I looked at another bike that I had tried to see several times, but the seller kept cancelling and we kept missing each other; I nearly gave up. He called me out of the blue after a couple of weeks of this, I popped on over and inspected the bike. It had some mild neglect issues, and I told him so. I then asked him my two questions and then listened. He was going through a divorce, really didn't want to sell, but if he didn't have some cash TODAY, he was going to lose his house. I asked him how much he needed for his bike: he gave me a number almost 1500 below his listing. I gave hime the cash and took the bike. He was happy and so was I.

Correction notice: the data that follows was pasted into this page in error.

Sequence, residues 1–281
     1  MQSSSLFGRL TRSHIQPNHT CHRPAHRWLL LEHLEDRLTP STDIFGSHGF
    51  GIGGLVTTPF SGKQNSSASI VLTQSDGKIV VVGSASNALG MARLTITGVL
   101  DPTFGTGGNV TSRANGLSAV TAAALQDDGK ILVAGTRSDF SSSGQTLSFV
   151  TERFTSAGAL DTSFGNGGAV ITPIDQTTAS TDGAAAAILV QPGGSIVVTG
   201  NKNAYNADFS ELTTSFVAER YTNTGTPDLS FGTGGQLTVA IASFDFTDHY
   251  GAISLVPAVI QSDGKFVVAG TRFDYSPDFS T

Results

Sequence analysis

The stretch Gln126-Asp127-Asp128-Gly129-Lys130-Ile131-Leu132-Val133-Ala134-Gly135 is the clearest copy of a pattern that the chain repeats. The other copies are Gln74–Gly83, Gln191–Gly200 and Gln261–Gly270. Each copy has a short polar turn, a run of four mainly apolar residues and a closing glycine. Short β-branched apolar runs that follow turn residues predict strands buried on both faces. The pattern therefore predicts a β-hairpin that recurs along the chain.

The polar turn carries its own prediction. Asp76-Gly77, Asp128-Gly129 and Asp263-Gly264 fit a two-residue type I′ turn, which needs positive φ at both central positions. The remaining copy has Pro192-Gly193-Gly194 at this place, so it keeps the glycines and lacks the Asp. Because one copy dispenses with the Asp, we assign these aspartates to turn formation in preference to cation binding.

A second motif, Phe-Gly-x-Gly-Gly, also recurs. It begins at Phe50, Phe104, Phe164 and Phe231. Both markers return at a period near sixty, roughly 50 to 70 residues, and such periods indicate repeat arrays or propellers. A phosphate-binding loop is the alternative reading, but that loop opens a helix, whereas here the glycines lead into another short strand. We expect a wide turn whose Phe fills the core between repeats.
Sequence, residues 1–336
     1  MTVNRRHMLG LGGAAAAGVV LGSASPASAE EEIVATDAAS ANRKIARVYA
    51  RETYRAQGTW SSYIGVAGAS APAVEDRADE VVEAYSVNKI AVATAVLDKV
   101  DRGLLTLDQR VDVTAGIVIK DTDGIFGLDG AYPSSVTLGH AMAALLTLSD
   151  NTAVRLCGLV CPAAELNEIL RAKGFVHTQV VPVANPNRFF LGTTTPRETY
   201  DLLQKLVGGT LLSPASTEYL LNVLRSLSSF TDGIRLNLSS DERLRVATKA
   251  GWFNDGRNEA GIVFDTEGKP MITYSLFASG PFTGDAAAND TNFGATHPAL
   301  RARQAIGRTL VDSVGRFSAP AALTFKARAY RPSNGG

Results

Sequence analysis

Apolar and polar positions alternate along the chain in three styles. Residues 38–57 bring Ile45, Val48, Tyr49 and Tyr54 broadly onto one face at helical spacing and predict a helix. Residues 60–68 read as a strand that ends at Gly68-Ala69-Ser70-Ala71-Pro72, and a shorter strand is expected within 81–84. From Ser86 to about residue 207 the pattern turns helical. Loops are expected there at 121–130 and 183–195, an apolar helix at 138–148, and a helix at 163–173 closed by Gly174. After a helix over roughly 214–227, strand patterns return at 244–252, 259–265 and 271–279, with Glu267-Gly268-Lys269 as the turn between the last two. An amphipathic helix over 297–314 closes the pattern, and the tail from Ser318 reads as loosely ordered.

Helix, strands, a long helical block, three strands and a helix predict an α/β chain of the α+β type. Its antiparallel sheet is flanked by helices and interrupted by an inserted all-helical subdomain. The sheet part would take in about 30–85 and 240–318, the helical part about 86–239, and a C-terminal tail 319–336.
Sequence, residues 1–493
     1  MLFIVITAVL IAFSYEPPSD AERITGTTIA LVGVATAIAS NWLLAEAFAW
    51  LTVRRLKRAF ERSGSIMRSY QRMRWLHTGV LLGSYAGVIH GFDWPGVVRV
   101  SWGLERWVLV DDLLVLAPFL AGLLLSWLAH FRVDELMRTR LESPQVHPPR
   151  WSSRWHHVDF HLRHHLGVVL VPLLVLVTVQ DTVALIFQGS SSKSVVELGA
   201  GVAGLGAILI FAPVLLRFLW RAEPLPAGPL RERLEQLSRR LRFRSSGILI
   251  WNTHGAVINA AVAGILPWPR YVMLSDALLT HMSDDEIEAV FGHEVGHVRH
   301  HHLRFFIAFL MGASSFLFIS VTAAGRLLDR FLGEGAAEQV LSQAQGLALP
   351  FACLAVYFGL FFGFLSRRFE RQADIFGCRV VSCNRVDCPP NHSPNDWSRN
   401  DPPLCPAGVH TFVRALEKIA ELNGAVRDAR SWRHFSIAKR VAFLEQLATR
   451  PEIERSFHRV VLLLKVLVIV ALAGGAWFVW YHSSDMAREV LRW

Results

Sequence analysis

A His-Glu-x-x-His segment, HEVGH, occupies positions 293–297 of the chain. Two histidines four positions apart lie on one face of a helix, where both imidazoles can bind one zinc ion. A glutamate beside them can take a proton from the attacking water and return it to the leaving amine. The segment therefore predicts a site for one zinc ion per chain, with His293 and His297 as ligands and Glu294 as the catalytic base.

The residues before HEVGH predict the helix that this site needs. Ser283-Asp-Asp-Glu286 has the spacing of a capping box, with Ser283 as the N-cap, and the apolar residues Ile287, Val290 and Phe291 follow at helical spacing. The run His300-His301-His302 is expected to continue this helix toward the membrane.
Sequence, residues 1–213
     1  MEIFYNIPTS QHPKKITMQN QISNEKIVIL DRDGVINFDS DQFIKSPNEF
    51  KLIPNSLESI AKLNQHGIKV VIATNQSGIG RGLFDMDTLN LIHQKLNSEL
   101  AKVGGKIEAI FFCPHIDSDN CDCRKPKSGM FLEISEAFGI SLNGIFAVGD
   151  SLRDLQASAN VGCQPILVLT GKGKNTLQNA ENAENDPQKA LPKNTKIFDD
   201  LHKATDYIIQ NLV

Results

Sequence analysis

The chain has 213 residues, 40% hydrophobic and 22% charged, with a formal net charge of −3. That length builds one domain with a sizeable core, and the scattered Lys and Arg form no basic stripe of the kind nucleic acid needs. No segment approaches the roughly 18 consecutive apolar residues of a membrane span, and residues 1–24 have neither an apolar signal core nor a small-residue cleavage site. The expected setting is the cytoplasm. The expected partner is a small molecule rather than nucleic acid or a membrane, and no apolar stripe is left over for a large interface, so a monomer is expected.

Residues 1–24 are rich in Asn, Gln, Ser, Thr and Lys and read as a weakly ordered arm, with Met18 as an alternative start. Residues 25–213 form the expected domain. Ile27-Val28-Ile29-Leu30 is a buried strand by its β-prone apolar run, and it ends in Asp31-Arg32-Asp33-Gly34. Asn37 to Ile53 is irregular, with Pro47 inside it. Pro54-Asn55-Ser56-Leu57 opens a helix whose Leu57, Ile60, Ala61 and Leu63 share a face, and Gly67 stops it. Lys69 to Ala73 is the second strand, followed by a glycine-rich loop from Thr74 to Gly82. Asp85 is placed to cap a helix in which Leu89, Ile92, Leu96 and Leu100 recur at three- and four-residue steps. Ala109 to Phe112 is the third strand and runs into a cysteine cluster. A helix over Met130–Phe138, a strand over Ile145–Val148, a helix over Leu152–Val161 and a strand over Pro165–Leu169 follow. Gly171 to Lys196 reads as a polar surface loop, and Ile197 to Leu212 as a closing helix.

Notice I didn't make a "counter offer". I didn't have to. Yep, I could have saved another hundred of so, at the cost of good will. But I knew that both deals were well below what I knew they were worth ('cause I had done my homework), so I didn't have to embarrass myself or "beat the other guy up".

Ask questions, pay attention, and keep your mouth shut.

Happy hunting."